Situation: A company has customers scattered around world. When the company was small, the CEO was very involved at all levels of sales and customer relations. Now that the company is larger, the CEO is more strategic but misses client contact, particularly for gathering market intelligence and understanding. The CEO does go on regular sales calls with reps but is getting push-back from the Sales VP. What is the CEO’s role in sales?
Advice from the CEOs:
Make an effort to understand the push-back coming from the Sales VP. Probe – where is the resistance coming from? What is the basis of the resistance? Is it personal or functional? Keep probing until the roots of resistance are clear, and then deal with these.
As CEO, insist on continuing customer contact. This is essential to your role and your understanding of your market.
Sit down and discuss this with the Executive Team. Go over your travel schedule and your objective in meeting with customers. Where appropriate meeting opportunities exist, let them know that you want to be included. Follow-up and repeat the message if they do not schedule you for calls.
How does the sales rep position this with a client? Let the customer know that the CEO will be visiting the area and would like to meet you. Here are the broad objectives and the benefit to you. Knowing that the CEO is interested in meeting with the client can be a powerful way to deepen the relationship with the client.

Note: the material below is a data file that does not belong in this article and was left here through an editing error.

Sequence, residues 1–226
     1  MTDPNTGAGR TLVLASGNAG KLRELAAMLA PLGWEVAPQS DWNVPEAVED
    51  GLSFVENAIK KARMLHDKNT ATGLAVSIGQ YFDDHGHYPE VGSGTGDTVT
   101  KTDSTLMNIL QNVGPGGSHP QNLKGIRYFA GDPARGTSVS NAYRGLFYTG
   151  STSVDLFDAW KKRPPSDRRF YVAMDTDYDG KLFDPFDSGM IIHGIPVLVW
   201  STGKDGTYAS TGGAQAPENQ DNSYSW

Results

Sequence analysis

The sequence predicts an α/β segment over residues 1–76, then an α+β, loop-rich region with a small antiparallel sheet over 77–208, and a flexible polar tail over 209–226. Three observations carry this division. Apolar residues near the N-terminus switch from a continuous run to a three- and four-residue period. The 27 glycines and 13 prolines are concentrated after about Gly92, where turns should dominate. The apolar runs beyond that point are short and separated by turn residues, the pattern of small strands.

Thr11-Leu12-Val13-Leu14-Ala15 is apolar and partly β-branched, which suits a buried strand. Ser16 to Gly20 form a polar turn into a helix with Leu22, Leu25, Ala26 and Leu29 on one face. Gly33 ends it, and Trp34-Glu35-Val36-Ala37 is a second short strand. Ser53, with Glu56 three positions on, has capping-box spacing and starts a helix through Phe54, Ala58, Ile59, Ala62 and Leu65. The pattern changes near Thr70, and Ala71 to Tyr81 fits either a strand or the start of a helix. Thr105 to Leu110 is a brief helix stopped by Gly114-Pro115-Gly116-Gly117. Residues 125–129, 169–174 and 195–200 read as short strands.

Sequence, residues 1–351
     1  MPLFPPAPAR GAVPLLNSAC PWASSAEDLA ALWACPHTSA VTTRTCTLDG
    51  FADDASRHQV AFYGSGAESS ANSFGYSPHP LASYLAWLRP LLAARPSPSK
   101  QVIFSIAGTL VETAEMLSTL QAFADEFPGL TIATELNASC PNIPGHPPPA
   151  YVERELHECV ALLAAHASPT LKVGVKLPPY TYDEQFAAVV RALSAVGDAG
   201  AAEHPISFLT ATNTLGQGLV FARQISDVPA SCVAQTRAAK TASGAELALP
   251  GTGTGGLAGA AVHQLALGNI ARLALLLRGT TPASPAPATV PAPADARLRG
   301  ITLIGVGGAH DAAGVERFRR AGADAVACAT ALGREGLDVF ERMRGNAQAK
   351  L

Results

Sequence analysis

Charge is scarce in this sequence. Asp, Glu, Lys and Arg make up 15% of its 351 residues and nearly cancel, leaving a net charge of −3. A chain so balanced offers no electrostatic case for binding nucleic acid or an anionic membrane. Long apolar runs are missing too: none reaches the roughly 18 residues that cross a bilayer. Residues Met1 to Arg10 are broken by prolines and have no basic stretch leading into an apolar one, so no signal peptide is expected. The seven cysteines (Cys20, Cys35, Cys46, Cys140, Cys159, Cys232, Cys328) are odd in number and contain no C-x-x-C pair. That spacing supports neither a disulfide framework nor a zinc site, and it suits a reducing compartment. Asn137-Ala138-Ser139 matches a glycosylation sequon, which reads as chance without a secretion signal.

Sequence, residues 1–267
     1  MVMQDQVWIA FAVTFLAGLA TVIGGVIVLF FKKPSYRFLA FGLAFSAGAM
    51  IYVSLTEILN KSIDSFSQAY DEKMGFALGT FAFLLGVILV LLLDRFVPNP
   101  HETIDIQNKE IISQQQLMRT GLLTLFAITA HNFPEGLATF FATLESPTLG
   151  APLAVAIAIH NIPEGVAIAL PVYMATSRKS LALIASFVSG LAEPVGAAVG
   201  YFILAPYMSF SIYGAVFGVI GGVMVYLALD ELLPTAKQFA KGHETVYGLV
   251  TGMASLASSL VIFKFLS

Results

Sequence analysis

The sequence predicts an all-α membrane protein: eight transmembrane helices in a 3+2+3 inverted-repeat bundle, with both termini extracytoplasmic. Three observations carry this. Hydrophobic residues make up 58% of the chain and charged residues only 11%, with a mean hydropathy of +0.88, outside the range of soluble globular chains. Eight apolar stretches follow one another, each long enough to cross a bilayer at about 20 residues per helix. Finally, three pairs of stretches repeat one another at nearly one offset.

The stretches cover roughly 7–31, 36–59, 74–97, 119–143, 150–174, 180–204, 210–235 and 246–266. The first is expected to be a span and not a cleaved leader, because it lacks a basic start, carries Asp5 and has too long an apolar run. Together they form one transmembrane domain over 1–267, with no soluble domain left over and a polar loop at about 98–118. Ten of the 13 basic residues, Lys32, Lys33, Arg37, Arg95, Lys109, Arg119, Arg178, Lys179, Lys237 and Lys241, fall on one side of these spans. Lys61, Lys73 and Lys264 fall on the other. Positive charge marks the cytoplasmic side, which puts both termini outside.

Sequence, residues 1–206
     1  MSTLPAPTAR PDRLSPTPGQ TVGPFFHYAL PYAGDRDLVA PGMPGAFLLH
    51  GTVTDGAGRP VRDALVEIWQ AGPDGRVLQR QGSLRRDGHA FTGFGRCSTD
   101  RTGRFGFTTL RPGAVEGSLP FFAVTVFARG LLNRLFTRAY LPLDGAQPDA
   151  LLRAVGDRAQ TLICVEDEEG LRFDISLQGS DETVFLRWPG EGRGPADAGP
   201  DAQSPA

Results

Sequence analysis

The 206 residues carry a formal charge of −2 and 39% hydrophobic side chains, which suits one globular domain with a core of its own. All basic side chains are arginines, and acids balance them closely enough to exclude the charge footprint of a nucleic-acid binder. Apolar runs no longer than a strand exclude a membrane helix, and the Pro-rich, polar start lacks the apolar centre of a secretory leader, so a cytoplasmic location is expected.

Having the CEO accompany the local representative on the first meeting with a customer sends the wrong message. Let the representative establish the relationship first. Then bring in the CEO to deepen and strengthen the relationship when the opportunity is right.
Situation: A company produces a high performance product which is priced modestly higher than competing products. They are finding customers resistant to cost increases, even when they acknowledge the advantages of the higher cost product. The company needs to develop a new way to position their product. How do you introduce a product to new customers?